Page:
The dark legacy of disgraced lobbyist Jack Abramoff still haunts Greenberg Traurig four years after they parted ways.
With Abramoff locked in a federal prison in Maryland, a far-off U.S. territory is dragging Greenberg's four-year stint as the notorious lobbyist's employer back into the public eye. But the Miami-based law firm issued a statement Monday, saying, "We are working closely with the Guam attorney general and are near a resolution of this issue."
Greenberg's alleged offense -- billing Guam for services that had nothing to do with the lobbying task Abramoff agreed to undertake.
"There were a lot of things like travel with nothing related to it," said Lewis W. Littlepage, the former Guam prosecutor who indicted the Miami-based firm. "It appeared to be a practice of illegal billing." The firm faces felony counts of unlawful influence, theft by deception and conspiracy. "It should be something every client of Greenberg Traurig should be concerned about," Littlepage said.
The firm issued statements after its indictment saying it was innocent and noting the firm has cooperated with "all investigations into" Abramoff. "Any employee or shareholder who refuses to cooperate with internal or government investigations will be asked to leave the firm" according to one of the firm's statements.
When Greenberg learned it was indicted, the firm issued a statement saying, "Greenberg Traurig was a victim of Abramoff's actions." His plea agreement on charges in Washington involving Indian tribes Abramoff admitted taking some fees directly without notifying Greenberg, which was entitled to a share. The law firm said some of Abramoff's conduct was unknown to the firm until he pleaded guilty in Washington in 2006 to federal charges of aiding and abetting mail fraud, tax evasion and conspiracy for his dealings with American Indian tribes. The next day, he pleaded guilty before U.S. District Judge Paul Huck in Miami to charges tied to an illicit loan to buy SunCruz Casinos and is serving a sentence of almost six years in prison.
A report issued by the Senate Indian Affairs Committee concluded the lobbyist's behavior "required Abramoff to deceive his former employer, Greenberg Traurig." But the Senate report also raised issues about the firm's knowledge of Abramoff's financial arrangements with Michael Scanlon, Abramoff's one-time partner, who pleaded guilty to defrauding tribal clients in 2005. It also called into question the billing practices of two lawyers who worked under Abramoff.
Billing practices also put the firm in the crosshairs of Guam prosecutors last month. In one instance, Greenberg billed the territory $4,000 for one day's travel for lobbying work that had nothing to do with Guam Superior Court, the agency that hired the lobbyist, Littlepage said. Guam Superior Court administrator Anthony Sanchez has been charged along with Abramoff and his former firm.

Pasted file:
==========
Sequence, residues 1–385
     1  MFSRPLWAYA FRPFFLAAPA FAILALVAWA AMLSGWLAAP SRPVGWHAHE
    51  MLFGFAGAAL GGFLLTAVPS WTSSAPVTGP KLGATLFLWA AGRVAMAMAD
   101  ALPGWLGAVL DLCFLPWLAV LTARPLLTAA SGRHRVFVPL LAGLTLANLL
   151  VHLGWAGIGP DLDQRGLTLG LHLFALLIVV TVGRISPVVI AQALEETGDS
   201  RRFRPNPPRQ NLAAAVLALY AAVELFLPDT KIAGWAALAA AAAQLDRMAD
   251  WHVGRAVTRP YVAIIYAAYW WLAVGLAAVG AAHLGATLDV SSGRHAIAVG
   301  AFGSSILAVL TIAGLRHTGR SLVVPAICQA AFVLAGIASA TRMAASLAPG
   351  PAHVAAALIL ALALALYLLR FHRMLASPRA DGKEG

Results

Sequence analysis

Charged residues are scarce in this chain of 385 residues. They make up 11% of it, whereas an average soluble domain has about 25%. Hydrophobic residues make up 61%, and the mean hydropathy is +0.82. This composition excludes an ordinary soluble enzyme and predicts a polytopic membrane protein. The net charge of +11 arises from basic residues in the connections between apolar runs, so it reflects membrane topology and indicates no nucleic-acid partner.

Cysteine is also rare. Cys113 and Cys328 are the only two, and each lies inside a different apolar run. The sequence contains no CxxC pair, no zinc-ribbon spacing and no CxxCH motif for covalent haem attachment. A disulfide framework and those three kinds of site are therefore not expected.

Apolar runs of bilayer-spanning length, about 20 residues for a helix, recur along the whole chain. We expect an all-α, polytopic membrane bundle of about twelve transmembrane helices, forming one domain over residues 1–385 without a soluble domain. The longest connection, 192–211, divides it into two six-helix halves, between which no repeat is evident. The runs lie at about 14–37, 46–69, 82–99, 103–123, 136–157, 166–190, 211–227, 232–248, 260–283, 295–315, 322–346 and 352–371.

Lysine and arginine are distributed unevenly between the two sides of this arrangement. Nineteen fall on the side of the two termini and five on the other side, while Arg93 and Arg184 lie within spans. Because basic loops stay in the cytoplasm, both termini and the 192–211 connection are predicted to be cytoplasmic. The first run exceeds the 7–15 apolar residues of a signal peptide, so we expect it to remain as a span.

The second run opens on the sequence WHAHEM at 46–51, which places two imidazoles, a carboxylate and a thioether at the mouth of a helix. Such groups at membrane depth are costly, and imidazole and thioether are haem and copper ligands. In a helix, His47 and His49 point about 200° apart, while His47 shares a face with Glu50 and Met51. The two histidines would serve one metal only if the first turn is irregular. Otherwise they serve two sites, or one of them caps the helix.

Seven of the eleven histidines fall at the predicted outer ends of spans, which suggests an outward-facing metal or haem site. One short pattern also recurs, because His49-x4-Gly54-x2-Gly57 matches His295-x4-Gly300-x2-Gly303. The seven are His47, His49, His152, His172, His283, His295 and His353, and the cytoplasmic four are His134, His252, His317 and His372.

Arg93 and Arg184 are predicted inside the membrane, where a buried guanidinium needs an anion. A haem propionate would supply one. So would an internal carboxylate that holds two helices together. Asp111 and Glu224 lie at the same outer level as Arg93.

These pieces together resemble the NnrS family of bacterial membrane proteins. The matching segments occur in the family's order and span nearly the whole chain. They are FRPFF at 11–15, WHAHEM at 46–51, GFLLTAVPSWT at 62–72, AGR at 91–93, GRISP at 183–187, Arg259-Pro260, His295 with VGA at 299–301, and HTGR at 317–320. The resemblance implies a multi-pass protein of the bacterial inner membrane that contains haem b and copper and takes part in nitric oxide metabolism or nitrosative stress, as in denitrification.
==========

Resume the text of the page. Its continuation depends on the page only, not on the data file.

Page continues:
Less than a week after amending the charges March 11, Littlepage ended an eight-year career as an assistant attorney general in Guam and went into private practice, a switch he said he made for completely personal reasons. "It was time for a change," he said.
Greenberg said it was caught completely off guard by the charges. Littlepage said he didn't see a reason to notify the firm when he amended a 2006 complaint to charge the firm. "You usually don't notify criminals ahead of time," he said.
Guam's investigation of Abramoff and his former employer center on a political fight in Guam's government that broke out after a flawed attempt by Congress to create an appellate court for the territory. The Guam Supreme Court was created in 1996, but the law unintentionally left the territory's high court subordinate to the legislative and executive branches of government on the island, according to congressional testimony in 2004.
Until Congress amended the law that year, the Supreme Court was beholden to the other two branches of government -- significant because the Supreme Court was stocked mostly with Democratic judges, and the Guam Superior Court was a Republican stronghold. It also made the island's top appellate court a rival to the island's trial court, which took the position during the feud that any judicial reform in Guam shouldn't be made by Washington lawmakers but should come from within.
Under the direction of Sanchez, Guam Superior Court paid Greenberg for Abramoff's services -- directing him to lobby U.S. Senate contacts to kill off a federal attempt to make the Guam Supreme Court an independent and top appellate court, according to the Guam public auditor, which examined lobbying efforts by Abramoff and payments made to the lobbyist that were suspected to subvert the island's procurement laws.
Guam Superior Court paid almost $500,000 to territorial policy expert Howard Hills, a Los Angeles attorney who would transfer most of that money to Abramoff through Greenberg, according to the auditor's report. Hills was paid in $9,000 installments to avoid the territory's procurement laws, the auditor said.
Littlepage said Greenberg also billed for work that it was not hired to do, including a totally unrelated open-skies initiative to lobby for additional flights by foreign carriers to the U.S. mainland through Guam.
The original 2006 indictment charged Abramoff, Sanchez and Hills. When Littlepage amended the charges last month, he dropped Hills as a defendant and added Greenberg. The amended charges do not necessarily free Hills from criminal prosecution, Littlepage said. He noted Hills is cooperating with the investigation.
Hills deferred comment to his attorney, Carol Elders Bruce, a partner with Bracewell & Giuliani in Washington. "He has cooperated fully with the Guam attorney general's office, and they have concluded that he's not culpable," she said. "He's innocent, and they recognize that now."
Greenberg has retained Kevin Downey, a partner with Williams & Connolly in Washington, to defend the firm. Downey did not return calls seeking comment before deadline.